Friday, May 11, 2012

A Mother's Day Thank You

   Damn!  Not again!
   I sigh and glare malevolently at the offensive pen in my hand.  It can't be that noticeable, I think to myself, but it is.  It practically leaps off the page.
   I can hear Mom coming up the steps to check on my progress.  There's no point in writing anymore.  I have plenty of experience with what's about to happen.
   "Well, let's see," she says over my shoulder.
   The way she inhales so sharply might as well be an explosion of disappointment.
   Outside, the bounce of a well-inflated basketball echoes in the street.  My best friend is already on his way to the court for another epic battle.  I'm the outside shooter.  He needs me.  I need to be there, but I know that's just not going to happen.
   "Javier, you need to be more careful with how you write.  You cannot hand this in to your teacher with this horrible smudge.  It's disrespectful.  Not to mention you misspelled diligencia."
   There's an ominous pause as she gives me a second to absorb the implications of my carelessness.
   "Do it over," she says imperiously as she takes the page and swiftly tears it off the notebook.
   I can only nod while repressing the urge to cry.  It's the second page she's torn today.
   "I'm sorry, but what you write is a reflection of yourself, so you need to take better care in how you present your work.  You made a mistake because your mind is already on your game with your friends, but one day you're going to realize that there are more important things in life."
   I can't possibly care about the important things in life.  I'm eleven!  And right now the most important thing to me is to join Manuel at the court so we can beat William and Camilo.  Why can't she understand that?
   "Okay, Mom."
   Satisfied, Mom goes back downstairs, leaving behind ninety-eight pounds of rage.  A bitter tear of resentment falls and smudges the blank page of my notebook, already ruining it before I even begin writing.  With a herculean effort I rein my emotions, clear my head from how badly I want to see that ball fall through the hoop without touching it, and start over...

   26 years later...

   I just wanted to say, thank you.
   Thank you for tearing all those pages from my notebook when I made mistakes.
   I didn't understand the lesson then, but I see myself enforcing it each time I write, and as a result, I was able to complete a novel.  A whole novel, Mom!
   I didn't have to tear my own pages, (Thank God!) but I can tell you that on my keyboard, the "delete" key no longer has a label upon it, testament to a whole lot of digital page tearing.
   I wanted to tell you that you were right.
   If it hadn't been for your commitment and devotion to my academic success when I was a kid, I know I would've never seen my name on the spine of a book.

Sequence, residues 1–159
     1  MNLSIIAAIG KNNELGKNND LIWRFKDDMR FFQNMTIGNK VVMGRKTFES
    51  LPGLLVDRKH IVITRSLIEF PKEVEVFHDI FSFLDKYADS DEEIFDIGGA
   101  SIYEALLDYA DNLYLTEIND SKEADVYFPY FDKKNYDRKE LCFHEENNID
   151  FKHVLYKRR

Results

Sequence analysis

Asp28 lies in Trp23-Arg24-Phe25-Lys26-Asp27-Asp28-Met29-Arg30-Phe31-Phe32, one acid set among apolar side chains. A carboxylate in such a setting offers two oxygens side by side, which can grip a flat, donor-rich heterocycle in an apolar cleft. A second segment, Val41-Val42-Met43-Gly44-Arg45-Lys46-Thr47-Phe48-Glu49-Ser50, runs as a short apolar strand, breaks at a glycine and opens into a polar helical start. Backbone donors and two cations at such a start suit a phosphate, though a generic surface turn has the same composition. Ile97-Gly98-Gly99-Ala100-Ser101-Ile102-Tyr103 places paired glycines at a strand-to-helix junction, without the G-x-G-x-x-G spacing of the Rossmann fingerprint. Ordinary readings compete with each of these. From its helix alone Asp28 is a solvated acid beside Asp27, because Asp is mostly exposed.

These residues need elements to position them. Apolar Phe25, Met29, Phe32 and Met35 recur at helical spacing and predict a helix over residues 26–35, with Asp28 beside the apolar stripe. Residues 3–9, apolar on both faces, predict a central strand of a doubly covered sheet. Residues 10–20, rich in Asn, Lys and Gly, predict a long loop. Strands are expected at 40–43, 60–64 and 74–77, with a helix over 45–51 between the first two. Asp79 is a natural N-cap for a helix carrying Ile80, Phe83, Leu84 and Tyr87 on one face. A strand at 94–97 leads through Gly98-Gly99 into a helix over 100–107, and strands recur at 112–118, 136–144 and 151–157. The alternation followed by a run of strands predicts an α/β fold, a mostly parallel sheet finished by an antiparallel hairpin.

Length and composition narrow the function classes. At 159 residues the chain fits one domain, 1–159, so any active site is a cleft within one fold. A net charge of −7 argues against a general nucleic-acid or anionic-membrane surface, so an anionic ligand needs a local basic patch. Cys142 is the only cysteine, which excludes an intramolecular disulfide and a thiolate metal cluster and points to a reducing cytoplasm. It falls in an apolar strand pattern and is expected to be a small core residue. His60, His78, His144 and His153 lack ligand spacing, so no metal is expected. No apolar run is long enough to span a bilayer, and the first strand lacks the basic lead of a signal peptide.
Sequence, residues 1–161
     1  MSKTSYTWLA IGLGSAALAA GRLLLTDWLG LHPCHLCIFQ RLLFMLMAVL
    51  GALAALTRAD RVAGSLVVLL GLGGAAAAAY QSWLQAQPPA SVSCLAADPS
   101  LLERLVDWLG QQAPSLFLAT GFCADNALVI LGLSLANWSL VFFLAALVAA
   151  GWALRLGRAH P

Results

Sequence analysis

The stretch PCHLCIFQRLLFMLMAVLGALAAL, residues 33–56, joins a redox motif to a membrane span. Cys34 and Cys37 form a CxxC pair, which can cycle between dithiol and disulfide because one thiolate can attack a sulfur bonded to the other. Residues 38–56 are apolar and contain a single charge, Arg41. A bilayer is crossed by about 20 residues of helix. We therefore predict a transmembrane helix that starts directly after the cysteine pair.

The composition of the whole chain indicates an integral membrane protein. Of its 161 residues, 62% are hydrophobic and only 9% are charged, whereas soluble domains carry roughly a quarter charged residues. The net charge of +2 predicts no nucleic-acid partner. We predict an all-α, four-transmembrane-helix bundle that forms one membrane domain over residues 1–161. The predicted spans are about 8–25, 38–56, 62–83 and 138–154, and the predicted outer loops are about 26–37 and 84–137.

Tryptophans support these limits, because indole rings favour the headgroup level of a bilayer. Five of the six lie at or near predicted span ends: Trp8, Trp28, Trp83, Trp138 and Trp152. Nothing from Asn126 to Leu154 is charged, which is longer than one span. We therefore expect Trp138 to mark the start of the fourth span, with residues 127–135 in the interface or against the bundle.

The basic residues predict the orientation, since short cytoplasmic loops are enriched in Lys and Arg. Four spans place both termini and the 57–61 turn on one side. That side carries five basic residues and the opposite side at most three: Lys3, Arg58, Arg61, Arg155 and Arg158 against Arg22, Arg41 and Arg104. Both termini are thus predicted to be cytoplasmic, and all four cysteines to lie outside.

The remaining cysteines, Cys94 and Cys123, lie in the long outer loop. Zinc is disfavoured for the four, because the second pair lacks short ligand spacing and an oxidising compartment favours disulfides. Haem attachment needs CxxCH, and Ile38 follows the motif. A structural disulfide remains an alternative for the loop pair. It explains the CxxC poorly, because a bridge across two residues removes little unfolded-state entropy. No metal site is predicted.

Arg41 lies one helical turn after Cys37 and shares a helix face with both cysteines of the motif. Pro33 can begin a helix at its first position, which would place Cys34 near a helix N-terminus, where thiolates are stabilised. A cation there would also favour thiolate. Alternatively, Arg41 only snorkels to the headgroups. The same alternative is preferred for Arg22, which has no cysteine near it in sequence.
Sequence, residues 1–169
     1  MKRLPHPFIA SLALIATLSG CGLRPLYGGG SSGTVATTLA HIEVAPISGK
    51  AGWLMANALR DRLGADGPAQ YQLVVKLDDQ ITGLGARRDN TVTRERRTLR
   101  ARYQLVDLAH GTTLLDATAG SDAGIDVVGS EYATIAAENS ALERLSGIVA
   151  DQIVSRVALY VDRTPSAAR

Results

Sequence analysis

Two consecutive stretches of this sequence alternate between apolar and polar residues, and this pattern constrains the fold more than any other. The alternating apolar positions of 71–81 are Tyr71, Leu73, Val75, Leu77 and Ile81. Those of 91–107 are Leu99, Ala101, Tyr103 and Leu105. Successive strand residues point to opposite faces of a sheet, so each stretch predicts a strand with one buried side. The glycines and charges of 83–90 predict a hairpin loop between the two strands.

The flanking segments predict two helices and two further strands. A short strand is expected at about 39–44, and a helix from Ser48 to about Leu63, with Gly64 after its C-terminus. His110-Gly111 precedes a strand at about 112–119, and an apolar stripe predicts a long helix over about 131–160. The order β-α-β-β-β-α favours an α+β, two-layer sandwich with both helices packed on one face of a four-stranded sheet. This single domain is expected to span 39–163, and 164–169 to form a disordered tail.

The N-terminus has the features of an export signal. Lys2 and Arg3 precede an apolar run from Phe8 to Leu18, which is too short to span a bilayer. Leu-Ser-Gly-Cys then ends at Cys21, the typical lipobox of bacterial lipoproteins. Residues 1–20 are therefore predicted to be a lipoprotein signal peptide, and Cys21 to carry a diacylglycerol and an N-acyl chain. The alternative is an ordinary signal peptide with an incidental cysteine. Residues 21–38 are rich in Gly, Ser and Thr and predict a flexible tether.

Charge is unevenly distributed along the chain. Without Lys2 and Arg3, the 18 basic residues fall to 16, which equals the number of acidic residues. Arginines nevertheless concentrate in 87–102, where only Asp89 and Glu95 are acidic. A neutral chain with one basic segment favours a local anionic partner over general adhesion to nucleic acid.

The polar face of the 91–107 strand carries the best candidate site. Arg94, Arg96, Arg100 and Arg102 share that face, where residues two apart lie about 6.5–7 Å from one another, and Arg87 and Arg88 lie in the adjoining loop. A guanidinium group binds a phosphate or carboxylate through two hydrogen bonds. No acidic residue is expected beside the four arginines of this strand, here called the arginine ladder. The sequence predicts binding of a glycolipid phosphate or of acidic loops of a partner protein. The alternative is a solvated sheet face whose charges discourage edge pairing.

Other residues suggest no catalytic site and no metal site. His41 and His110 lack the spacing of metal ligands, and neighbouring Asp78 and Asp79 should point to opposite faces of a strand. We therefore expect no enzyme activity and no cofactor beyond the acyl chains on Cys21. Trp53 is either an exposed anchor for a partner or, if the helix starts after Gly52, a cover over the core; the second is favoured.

You were there each and every time, despite having a whole house to take care of, despite having another child to raise, and we both know that was a huge feat because my little sister was NOT easy.  ( I'm going to pay for this one next family gathering )  Despite whatever worries assaulted you in the most vulnerable hours of the day, you were right over my shoulder, guiding me, pushing me, teaching me, and also letting me know how proud you were of my A+ homework and tests.  Thanks to all your efforts, I'm a writer today.
   But how can I call myself a writer when I couldn't possibly write anything remotely adequate to convey how grateful I am for you in my life?  How can I write a whole novel, create an entire set of lives on the page only to sit here, unable to say much more than thank you, for all you've done?
   When it comes to you, there aren't enough superlatives to attribute to the kind of mother you've been.  I'll just say that nothing in my life would be what it is without you.  I wouldn't be the person I am without all the work you did to keep me growing straight.  I wouldn't be the kind of father I strive to be without the example you set when I was a kid.  I owe it all to you, Mom. 
   It infuriates me that I have at my disposal two entire languages, an abundance of words and phrases that fall hopelessly short of expressing what I feel when I think of you.  I have no choice but to rely on simple phrases in the hopes that you feel my gratitude and eternal admiration.
   I love you, Mom. 
   Thank you, for everything. 
   I pray I can always make you proud of me. 



1 comment:

  1. Love it! I hope that one day my kids are smart enough to appreciate my efforts just as much as you appreciate your mom's.